The ancient Greeks represented the spirit of conservation in the shape of a formidable protector of animals and plants, the goddess Artemis. She was the protector not only of wildlife but of the wilderness itself. In ancient religious thought, Artemis endowed the wilderness with sacredness (Hughes, 1990).

Frazer, in The Golden Bough (1935), traces the beginnings of sacred groves to the hunting and gathering people of the palaeolithic. Among the Kikuyu of Africa, he says, "Groves of this tree (the migumu) are sacred. In them no axe may be laid to any tree, no branch broken, no firewood gathered, no grass burnt; and wild animals which have taken refuge there may not be molested. In these sacred groves sheep and goats are sacrificed and prayers are offered for rain or fine weather or in behalf of sick children".

The Mbeere tribe of East Africa had many sacred groves, areas ranging from a quarter of a hectare to three hectares, where tree cutting was taboo. Some of these groves survived up to the 1970s, providing excellent sites for examining the vegetation that had existed a century earlier, as several species of trees were rare or not seen at all elsewhere (Little and Brokensha, 1987).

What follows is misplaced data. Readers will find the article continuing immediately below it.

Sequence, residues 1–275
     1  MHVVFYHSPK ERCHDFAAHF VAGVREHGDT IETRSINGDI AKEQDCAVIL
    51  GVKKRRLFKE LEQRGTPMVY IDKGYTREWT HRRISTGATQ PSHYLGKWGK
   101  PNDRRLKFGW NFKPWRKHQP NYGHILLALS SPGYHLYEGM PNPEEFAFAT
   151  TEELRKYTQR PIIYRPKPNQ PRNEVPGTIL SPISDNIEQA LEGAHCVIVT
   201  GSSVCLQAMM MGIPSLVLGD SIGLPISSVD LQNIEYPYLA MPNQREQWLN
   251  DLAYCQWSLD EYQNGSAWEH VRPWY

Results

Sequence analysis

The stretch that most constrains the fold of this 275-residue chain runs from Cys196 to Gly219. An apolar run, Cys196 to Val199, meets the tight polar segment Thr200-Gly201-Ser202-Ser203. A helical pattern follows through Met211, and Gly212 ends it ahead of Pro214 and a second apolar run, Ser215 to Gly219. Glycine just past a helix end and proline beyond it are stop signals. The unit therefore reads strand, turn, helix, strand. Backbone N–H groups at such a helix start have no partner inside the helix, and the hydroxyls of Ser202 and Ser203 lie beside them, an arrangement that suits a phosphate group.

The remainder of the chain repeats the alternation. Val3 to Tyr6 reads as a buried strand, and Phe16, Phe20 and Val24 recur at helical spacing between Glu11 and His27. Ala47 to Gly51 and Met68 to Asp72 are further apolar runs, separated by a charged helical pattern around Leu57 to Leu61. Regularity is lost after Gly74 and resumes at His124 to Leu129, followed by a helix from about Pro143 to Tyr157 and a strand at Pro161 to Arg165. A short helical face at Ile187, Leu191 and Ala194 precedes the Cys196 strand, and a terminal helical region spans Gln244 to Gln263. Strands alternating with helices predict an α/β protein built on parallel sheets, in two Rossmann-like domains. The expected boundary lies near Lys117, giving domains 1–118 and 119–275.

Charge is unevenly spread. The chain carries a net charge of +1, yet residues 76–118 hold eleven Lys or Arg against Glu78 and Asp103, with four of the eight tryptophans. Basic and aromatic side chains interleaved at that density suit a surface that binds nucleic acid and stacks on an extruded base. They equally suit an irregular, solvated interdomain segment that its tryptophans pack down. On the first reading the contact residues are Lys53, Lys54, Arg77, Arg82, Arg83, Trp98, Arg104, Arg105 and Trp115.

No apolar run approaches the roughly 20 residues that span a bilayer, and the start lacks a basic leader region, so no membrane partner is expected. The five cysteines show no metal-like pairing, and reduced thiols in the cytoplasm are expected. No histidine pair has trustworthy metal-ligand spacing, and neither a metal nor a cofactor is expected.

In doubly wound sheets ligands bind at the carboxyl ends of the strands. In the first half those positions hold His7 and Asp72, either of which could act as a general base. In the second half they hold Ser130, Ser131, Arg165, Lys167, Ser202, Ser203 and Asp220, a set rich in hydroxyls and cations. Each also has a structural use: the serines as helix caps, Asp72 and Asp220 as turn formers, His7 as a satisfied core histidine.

The abundantly productive sycamore (Ficus sycamorus) and the date palm (Phoenix dactylyfera) were represented in the temple architecture of ancient Egypt. The worship of trees and groves was prevalent in Arabia, Persia, Assyria, the British Isles, Scandinavia, China, India, Ceylon and many other parts of the world (Anonymous, 1971).

In the Cyclops Mountains, as elsewhere in New Guinea, tribal stories concerned with descent, beliefs and taboos are closely connected to the forest, its animals and land, with conservation as a value inherent in most traditional beliefs and reflected in them. The Sentani and Tabla people respect the peaks of the Cyclops Mountains as the resting places of their ancestors. Nature has such an overwhelming influence that various clans refrain from hunting birds like the cassowary, the wagtail, lorries (a species of parrot) and hornbills due to a totemic relationship with these species (Michell, De Fretes and Poffenberger, 1990).

The Indonesians have a striking cultural similarity with Indians. The banyan tree, Ficus benghalensis, is considered sacred. Springs are often found under mature banyan trees. Indonesians believe that holy spirits reside in the trees and ensure the availability of clean water. For the Javanese, sacred spirits dwell deep within forests. Shadow plays like Gunungan have a figure that illustrates the forest ecosystem in which plants, animals, human beings, holy spirits and devils live together (Sastrapradja, 1988).